Recently, Wall Street Journal reporters Joanna Stern and Nicole Nguyen covered a troubling form of crime aimed at iPhone users in an article (paywalled) and accompanying video. Thieves hang out in bars, looking for users who tap in their passcodes instead of using Face ID or Touch ID. Once they’ve learned someone’s passcode with surreptitious shoulder surfing, they grab the iPhone and run. As soon as they’re clear, they use the passcode to change the user’s Apple ID password and enable or reset a recovery key, which prevents the user from employing Find My to locate and lock the iPhone. Worse, with the passcode, they can make purchases with Apple Pay, access all passwords in iCloud Keychain, and use other information on the iPhone to facilitate identity theft. It’s a disaster.
But it gets worse, as the reporters detail in a new Wall Street Journal article (paywalled) and video. By enabling a recovery key, the thief disables Apple’s normal account recovery process for resetting the Apple ID password. In other words, if this were to happen to you, along with all the financial losses and headaches, you would lose access to your iCloud account, possibly forever, and with it, all your photos in iCloud. With luck, Apple will block this attack soon.
For now, follow this commonsense advice to reduce the chances of being victimized:
As with so many other modern ills, good backups go a long way toward minimizing the pain of problems. They won’t prevent someone from stealing your iPhone or locking you out of your account, but if that were to happen, at least you won’t lose all your photos!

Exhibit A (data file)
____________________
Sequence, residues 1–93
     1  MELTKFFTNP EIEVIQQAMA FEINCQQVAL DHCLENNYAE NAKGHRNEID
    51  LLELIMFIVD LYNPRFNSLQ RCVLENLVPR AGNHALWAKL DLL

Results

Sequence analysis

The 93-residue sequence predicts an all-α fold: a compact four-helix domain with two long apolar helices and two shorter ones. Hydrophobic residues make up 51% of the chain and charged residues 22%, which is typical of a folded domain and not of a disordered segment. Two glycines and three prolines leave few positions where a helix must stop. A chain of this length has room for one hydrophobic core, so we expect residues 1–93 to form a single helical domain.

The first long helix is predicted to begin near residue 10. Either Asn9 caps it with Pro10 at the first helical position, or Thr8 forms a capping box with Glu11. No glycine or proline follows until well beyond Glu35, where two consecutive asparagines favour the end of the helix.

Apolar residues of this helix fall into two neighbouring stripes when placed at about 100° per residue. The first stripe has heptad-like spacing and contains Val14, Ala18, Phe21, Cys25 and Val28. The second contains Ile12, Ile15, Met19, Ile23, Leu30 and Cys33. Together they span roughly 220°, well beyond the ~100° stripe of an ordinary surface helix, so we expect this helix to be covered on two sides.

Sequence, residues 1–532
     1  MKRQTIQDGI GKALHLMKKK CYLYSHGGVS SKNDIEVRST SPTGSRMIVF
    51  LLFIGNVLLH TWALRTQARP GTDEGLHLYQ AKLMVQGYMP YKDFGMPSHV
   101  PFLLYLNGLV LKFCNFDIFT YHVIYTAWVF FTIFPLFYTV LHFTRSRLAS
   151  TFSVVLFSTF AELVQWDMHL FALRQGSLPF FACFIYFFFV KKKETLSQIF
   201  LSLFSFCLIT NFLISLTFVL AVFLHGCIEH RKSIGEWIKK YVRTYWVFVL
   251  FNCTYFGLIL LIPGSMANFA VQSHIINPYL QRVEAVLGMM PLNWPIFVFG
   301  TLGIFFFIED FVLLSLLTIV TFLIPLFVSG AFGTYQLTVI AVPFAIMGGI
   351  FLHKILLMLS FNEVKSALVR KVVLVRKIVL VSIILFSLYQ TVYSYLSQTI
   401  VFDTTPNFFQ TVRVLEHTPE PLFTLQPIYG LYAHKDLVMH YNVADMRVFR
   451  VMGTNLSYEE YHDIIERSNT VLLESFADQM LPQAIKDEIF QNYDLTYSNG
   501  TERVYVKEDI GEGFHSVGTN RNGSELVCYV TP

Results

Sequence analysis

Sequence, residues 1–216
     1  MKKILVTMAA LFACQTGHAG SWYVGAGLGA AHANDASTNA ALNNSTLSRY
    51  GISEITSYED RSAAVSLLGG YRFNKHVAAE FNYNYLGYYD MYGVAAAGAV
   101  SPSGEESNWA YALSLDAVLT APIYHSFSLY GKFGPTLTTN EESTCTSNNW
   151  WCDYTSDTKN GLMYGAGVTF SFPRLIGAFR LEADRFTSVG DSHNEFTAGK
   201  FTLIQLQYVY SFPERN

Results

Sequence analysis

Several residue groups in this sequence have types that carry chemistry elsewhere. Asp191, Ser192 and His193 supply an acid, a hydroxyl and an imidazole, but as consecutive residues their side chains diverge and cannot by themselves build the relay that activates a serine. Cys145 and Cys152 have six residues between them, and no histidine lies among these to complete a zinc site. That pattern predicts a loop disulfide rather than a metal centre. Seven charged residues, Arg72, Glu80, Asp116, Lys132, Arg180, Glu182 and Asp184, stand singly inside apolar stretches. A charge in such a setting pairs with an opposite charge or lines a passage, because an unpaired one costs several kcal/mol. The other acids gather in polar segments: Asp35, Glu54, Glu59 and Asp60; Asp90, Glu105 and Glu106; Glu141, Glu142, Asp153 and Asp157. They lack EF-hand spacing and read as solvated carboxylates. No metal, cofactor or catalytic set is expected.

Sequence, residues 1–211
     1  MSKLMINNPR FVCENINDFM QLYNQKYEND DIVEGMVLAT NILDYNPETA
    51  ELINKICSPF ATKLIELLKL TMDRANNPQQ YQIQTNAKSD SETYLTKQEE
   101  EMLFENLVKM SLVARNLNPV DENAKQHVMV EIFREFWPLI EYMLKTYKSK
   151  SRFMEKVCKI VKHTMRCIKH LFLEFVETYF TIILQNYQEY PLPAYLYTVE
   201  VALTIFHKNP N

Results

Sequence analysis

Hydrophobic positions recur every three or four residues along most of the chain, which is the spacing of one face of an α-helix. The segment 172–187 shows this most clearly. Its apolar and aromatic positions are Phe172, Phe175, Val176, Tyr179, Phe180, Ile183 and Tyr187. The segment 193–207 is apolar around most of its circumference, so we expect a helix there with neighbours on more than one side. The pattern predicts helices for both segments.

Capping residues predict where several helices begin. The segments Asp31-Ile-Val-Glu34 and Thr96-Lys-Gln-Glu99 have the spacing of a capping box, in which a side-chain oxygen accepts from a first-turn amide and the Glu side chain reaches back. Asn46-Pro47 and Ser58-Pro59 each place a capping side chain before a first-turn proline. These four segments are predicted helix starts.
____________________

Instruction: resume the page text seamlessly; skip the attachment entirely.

There are two possible backup scenarios. Using iCloud Photos and downloading originals to your Mac is easiest but requires that you pay Apple for more storage if you have more than a handful of photos. If you don’t use iCloud Photos, you can just back up your iPhone to your Mac or, better yet, import images into Photos on the Mac and then sync them back. It’s more work and fussier, but doesn’t cost anything.
iPhone-only photos: If you aren’t using iCloud Photos, the best approach is to connect your iPhone to your Mac using a USB-to-Lightning cable or Wi-Fi and then import new snapshots into Photos on your Mac manually (select the iPhone in the Photos sidebar). It’s helpful to remove the original photos from the iPhone with the Delete Items checkbox after importing so you can manage them solely on the Mac.
Then you can sync all the photos (or just desired ones, if your iPhone is low on space) back to your iPhone using the Finder. First, select the iPhone in a Finder window’s sidebar. Then click Photos in the button bar at the top, and select “Sync photos to your device from Photos” along with “All photos and albums” and “Include videos” in the options below. Finally, click Apply or Sync.
Technically speaking, backing up your iPhone to your Mac without syncing to Photos also backs up your photos, but the only way to get them back is to restore a backup onto an iPhone. It’s much better to have all the photos accessible in Photos too.
Either way, once the photos are on your Mac, you should back up all your data using Time Machine, an Internet service like Backblaze, or a third-party app like Carbon Copy Cloner or SuperDuper. If you’re concerned about the quality of your backups for preserving photos, contact us for advice.
(Featured image by iStock.com/metamorworks)